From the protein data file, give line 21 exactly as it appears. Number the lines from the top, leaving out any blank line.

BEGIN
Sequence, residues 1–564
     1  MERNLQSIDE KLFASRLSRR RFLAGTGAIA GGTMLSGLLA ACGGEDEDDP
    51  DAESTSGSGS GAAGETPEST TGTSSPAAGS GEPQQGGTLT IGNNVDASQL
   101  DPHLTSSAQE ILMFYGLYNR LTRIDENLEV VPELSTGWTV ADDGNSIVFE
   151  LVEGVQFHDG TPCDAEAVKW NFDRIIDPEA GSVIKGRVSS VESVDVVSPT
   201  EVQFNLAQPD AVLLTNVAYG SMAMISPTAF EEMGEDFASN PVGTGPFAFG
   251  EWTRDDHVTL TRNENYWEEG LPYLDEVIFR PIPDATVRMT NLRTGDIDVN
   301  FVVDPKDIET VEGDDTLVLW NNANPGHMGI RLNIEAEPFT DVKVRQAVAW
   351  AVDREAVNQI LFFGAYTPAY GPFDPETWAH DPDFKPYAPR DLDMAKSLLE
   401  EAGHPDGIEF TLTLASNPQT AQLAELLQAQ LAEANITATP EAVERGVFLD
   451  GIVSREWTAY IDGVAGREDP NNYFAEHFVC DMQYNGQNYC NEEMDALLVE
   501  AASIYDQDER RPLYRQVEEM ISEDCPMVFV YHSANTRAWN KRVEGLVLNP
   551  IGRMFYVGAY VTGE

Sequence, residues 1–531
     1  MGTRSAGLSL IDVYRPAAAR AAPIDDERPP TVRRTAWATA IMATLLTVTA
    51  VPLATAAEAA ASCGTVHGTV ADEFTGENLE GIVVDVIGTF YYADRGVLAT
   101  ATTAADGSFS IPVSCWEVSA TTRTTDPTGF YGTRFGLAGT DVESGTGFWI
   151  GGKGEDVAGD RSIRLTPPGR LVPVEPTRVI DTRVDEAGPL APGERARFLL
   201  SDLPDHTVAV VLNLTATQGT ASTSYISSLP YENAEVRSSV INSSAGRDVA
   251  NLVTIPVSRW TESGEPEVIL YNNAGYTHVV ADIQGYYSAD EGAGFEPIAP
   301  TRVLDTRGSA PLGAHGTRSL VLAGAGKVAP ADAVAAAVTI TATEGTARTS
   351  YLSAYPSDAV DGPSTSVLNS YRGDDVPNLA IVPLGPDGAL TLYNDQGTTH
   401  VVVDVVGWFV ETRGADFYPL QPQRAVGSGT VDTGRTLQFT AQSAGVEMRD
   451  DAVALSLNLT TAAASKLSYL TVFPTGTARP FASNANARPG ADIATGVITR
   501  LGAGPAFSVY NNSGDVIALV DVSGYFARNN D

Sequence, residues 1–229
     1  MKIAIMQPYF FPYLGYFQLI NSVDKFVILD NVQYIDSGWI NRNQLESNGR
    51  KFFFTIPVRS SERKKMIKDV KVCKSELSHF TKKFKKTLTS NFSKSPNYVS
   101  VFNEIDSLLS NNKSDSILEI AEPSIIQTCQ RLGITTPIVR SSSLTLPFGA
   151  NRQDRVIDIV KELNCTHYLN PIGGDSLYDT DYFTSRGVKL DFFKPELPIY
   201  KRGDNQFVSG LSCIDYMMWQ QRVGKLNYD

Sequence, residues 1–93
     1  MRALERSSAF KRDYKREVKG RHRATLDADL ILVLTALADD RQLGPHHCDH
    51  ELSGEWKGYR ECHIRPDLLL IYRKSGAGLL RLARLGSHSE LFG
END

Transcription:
   301  TRVLDTRGSA PLGAHGTRSL VLAGAGKVAP ADAVAAAVTI TATEGTARTS